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Any time I call my former colleague and close friend — an editorial executive at a magazine — she nearly always picks up and says, “I’m on my way to another meeting. Stressed. Call you later.” In her words, she’s “meeting-ed out.” Meetings eat up her entire day, so much so that she has to do the work she loves (and was hired for!) — writing and editing — deep into the evening. Like 47 percent of the 3,200 employees once surveyed, she thinks the vast majority of her meetings are a waste of time.

“Long, back-to-back meetings are a huge waste of human capital,” Kathleen Nadeau, Ph.D., a clinical psychologist in Maryland and author of Learning to Plan and Be Organized, tells Thrive. “Meetings should have a clear and short agenda with people weighing in via email in advance so that everyone has had time to think about others’ ideas and suggestions beforehand.”

That’s ideal, but all too often meetings play out like a sloppy time-suck. Employees spend an average of one day a week in meetings (that’s 50 days a year!) and 51 percent say the meetings are useless to them, according to a survey of 3,000 workers worldwide conducted by tech company Barco.

Not only is it frustrating when meetings feel useless, but the fact that they take employees away from their actual work intensifies stress levels and decreases productivity. This draining cycle requires a major rethink. But for now, to help you better handle your meeting malaise, try doing this:

Take short pauses between meetings throughout the day to just be

We’ve all experienced pure panic while looking at large chunks of time blocked off on our calendars for meetings, realizing we’ll have little time to devote to deep work. But, anxiety is bred in our belief that we have no control over our day, Melanie Greenberg, Ph.D., a California-based clinical psychologist and author of The Stress-Proof Brain: Master Your Emotional Response to Stress Using Mindfulness and Neuroplasticity, told Thrive. One way to avoid getting overwhelmed by your workload is to schedule short breaks between meetings to decompress and enjoy a free-thinking moment — and perhaps some deep centering breaths — to yourself. Doing so will also help bring your attention back to the moment so you stay present, which will help you maximize your meetings and stave off stress.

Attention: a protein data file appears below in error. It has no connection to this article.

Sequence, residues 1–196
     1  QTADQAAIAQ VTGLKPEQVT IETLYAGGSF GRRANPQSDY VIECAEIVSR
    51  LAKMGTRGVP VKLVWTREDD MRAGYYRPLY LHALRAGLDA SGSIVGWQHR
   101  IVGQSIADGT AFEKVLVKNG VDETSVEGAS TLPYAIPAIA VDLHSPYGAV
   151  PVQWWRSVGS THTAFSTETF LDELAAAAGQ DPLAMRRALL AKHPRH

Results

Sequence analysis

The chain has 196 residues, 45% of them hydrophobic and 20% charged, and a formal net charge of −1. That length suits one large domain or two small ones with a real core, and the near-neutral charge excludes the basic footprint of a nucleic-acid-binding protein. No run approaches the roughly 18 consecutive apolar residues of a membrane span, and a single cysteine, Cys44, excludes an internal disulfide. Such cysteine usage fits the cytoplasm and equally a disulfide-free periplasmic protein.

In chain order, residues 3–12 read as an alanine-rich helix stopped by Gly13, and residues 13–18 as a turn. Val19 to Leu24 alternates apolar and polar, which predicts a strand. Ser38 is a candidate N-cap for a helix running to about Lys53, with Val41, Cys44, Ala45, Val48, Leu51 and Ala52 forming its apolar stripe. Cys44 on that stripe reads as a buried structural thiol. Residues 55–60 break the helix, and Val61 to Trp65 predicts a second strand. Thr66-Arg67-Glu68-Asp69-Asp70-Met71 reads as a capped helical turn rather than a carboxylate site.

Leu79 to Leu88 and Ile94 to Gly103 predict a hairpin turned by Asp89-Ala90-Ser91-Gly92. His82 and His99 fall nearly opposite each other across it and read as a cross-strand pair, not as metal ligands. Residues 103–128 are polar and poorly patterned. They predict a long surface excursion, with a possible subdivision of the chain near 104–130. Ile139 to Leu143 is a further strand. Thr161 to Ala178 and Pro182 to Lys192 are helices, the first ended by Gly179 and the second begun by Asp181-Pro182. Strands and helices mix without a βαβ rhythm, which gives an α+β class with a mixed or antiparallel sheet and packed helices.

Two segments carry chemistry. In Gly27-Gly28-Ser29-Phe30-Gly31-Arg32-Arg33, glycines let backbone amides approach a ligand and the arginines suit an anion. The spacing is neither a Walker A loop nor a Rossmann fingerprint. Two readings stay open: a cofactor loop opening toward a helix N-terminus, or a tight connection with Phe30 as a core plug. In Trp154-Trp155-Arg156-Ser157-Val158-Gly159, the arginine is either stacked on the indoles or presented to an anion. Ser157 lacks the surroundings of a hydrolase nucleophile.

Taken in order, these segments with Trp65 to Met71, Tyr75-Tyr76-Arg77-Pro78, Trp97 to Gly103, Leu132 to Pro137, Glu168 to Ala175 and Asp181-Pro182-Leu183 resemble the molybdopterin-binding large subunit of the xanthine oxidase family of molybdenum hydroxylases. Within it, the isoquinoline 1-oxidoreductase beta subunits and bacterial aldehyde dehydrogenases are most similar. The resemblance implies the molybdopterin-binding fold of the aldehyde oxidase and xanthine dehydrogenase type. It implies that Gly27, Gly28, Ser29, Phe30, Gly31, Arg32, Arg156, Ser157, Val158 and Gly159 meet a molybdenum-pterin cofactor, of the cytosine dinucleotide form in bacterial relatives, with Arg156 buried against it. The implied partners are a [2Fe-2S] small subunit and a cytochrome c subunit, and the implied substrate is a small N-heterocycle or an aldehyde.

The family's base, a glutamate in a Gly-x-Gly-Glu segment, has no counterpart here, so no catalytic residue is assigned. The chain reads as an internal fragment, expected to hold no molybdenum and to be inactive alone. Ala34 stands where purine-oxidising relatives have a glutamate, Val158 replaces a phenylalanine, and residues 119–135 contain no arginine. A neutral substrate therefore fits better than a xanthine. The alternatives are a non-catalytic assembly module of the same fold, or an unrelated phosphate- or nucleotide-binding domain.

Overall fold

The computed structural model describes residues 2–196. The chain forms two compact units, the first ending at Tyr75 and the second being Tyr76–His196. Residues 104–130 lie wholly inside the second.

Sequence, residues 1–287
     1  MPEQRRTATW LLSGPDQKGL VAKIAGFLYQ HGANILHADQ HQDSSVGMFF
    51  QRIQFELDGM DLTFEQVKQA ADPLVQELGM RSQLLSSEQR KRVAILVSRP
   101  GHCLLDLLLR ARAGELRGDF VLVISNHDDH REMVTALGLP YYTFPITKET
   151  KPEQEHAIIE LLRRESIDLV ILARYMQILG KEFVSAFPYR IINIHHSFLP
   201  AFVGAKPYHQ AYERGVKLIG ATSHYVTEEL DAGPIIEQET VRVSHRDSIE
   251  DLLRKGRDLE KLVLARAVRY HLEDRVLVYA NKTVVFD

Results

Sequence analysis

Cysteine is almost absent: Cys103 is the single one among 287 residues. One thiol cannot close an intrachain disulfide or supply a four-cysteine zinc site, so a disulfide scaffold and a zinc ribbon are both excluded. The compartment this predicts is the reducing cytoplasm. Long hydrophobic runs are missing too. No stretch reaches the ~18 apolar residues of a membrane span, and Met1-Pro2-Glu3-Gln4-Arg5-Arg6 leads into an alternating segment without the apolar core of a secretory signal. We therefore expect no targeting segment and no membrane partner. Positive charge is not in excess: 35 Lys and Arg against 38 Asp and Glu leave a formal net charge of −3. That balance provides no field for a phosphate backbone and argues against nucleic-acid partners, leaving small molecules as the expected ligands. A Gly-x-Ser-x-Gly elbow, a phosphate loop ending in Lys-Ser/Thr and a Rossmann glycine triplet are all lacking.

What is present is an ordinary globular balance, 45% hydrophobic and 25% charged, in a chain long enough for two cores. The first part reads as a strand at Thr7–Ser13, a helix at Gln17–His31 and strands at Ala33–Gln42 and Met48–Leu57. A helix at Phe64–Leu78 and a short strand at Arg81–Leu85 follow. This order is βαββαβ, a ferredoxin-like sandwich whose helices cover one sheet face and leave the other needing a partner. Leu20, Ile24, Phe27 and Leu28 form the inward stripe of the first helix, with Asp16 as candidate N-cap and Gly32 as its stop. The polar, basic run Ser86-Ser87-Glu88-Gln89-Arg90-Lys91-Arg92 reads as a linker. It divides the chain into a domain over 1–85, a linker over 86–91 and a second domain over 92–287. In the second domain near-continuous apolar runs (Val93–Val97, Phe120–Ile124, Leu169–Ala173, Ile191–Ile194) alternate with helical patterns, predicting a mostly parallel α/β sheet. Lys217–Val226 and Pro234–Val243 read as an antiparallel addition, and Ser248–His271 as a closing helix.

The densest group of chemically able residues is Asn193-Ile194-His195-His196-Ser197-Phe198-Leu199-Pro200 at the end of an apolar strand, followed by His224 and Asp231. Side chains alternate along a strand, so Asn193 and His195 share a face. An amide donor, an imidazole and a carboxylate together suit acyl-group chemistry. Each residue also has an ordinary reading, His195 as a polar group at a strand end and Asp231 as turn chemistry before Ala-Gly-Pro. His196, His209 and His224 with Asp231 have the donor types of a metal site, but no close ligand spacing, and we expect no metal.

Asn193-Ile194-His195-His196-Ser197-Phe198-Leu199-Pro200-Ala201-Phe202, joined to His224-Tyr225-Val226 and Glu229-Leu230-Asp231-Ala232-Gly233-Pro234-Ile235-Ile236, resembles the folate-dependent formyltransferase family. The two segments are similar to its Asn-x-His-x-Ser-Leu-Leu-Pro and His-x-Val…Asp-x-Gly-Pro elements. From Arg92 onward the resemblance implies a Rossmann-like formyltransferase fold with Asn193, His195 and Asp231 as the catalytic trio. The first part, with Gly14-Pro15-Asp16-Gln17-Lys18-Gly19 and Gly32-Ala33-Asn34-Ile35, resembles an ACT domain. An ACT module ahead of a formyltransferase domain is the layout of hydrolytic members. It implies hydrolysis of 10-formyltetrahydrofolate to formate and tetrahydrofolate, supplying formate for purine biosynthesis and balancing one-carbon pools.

Approach meetings as a learning opportunity

Maybe you’re in a meeting that feels unnecessary — “I’m not adding nor receiving anything of value here,” you might think — but there are always opportunities in disguise. In meetings, you learn about what and how your co-workers think, which can come in handy in your future exchanges with them. Even if your presence feels inessential, it’s an opportunity to learn what other members of your team are working on. Having a more comprehensive view of your company’s purpose, especially if it’s one that gels with your values, can positively bear on your own work.

Encourage more efficient meetings

With compassionate directness, a core value here at Thrive, ask your manager what meetings you can opt out of for the sake of productivity, and propose reformatting some meetings to improve their effectiveness. For instance, you could suggest holding at least one device-free meeting a day, which boosts engagement and shaves off time. Or encourage Jeff Bezos’s strategy of organizing your meetings around a well-crafted memo. Ahead of a big meeting, the individual spearheading it can create a detailed agenda to keep the meeting on track and fruitful. Bezos also keeps his meetings small with his “2 Pizza Rule,” which limits the number of attendees to the most essential participants (no more people than can eat two pizzas), which he believes saves time, eliminates confusion and maintains focus.

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